referred to as black-figure ware; when the back-
ground is black, with the figures in red, the decora-
tive process is called red-figure ware. Although
both styles were used simultaneously in the sixth
century BC, by the fifth and fourth centuries BC, red-
figure was a more popular choice for vase painters.
This lesson contains examples of both styles of
vase painting. The Trefoil Oinochoe (a wine jug) from
the Greek-speaking colonies of South Italy is deco-
rated in the red-figure style. The Stemless Kylix (a
wine cup) was completely covered in black slip
(sometimes called black ware), perhaps to imitate
the effect of unpolished, blackened silver, a fashion
of the time. The third vase in the lesson, Lekythos
with the Ninth Labor of Herakles (a perfume jug), ex-
emplifies the last major category of ancient Greek
vase decoration: white-ground ware, which takes its
name from the layer of kaolin painted as the back-
ground for the figures. The kaolin, applied before the
vessel was fired and the figures painted, created an
unstable, flaky base that made these wares unsuitable
for everyday use; soon it was used only on vases that
would be placed in tombs as grave gifts. Once these
wares were relegated to the tomb, artists were able to
experiment and use nontraditional colors such as yel-
low and blue in white-ground wares.
Stemless KylixThis kylix was foundin northern Africa;describe how it mayhave gotten therefrom Greece.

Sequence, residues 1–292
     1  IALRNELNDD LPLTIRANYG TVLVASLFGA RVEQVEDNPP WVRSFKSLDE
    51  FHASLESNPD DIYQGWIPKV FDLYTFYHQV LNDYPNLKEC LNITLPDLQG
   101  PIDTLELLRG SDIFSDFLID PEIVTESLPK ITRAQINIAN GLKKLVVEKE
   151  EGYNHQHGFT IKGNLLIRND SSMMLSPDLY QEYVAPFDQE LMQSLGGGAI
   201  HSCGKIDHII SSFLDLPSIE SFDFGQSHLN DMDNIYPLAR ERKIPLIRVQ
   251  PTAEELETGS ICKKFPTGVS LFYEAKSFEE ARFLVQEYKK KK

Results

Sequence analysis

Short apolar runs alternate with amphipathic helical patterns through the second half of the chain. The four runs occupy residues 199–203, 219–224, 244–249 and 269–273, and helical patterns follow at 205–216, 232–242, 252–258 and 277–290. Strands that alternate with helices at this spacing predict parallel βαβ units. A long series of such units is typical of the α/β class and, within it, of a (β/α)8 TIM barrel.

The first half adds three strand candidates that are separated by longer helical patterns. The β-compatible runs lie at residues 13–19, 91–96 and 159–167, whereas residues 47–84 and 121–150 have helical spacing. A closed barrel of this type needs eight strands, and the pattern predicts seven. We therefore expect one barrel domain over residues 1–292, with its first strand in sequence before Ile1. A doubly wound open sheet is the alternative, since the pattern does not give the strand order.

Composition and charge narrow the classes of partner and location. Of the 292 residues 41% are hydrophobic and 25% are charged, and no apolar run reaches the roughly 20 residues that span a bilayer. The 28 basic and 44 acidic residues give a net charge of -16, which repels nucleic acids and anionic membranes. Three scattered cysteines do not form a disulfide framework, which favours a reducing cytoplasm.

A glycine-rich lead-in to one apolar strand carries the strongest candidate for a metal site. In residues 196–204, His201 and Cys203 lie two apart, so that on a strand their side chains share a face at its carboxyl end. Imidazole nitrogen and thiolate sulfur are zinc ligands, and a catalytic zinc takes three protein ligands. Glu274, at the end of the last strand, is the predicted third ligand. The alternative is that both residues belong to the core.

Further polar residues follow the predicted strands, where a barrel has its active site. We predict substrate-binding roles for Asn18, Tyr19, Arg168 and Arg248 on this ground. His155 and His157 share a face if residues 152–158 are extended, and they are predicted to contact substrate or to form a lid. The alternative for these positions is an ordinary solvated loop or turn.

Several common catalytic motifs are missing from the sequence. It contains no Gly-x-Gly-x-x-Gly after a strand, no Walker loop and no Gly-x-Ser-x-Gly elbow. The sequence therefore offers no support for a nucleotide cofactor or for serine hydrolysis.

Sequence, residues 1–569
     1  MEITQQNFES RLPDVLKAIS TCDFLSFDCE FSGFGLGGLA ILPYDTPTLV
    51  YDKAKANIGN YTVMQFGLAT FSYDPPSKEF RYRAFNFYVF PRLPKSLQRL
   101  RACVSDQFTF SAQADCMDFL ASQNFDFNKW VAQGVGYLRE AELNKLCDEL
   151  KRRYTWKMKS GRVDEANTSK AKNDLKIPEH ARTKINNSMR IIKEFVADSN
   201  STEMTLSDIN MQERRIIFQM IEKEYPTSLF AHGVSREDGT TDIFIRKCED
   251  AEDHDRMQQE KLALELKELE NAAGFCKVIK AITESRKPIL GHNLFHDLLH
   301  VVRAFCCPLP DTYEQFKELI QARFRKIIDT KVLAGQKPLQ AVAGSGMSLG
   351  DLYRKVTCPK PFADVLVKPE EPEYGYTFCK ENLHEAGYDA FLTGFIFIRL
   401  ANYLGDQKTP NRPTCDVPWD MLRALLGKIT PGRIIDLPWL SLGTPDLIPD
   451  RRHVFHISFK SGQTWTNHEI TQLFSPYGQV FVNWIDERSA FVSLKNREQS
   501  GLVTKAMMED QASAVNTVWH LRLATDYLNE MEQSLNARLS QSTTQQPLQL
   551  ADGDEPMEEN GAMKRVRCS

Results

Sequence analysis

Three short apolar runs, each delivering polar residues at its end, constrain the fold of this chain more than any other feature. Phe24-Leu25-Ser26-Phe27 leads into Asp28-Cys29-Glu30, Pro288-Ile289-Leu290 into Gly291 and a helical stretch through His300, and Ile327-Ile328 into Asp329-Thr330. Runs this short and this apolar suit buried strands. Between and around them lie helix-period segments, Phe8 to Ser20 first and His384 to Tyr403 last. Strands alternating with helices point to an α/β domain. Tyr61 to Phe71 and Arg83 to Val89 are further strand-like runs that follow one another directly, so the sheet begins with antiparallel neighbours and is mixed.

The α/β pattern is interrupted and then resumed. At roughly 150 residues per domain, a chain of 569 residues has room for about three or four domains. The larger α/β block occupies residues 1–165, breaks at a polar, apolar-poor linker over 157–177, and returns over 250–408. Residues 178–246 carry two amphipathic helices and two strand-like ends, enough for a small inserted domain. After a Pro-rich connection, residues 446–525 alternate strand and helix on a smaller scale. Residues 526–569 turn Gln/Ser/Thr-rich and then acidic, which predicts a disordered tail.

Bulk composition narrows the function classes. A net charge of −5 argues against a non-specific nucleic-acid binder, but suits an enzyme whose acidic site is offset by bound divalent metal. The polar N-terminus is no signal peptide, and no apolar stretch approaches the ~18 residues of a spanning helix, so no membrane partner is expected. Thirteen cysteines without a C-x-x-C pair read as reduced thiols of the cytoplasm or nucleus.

What beverage doyou think was sippedfrom this kylix in an-cient times? Whatwould you like to drinkfrom it today?
Lekythos withthe Ninth Laborof HeraklesIf we were making alekythos in honor ofyou and one of yourlifes labors, whatwould we see?
Trefoil OinochoeWe know where thisoinochoe was made be-cause of the decorativemotif painted on its ex-terior. How do weknow where objects aremade in modern times?
The subject matter of ancient Greek vases ranges
from scenes of everyday life, such as an athlete
cleaning up after a workout, to complex multi-fig-
ured scenes of mythology, such as one of the twelve
labors of Heraklesas found on the lekythos.
Greek sculpture ranged in size from the monu-
mental to the intimate, from statues meant to be
seen in public places to smaller household-sized
statues of the gods. Greek sculpture always had a
function, whether to honor an Olympic victor along
the procession way leading to a temple or to repre-
sent a god as a dedication in a temple. Once the Ro-
mans began to import Greek sculpture to their
homeland (as early as the second century BC), they
removed its context, took away its function, and
used it for decoration. After the famous original
sculptures were no longer available, Greek artists
were brought to Rome, and copies of the originals
were made by the hundreds. In fact, such Roman
copies often provide all the information we have
about ancient Greek sculpture. Wealthy Romans
built lavish villas outside Rome that were decorated
with wall paintings, floor mosaics, and, frequently,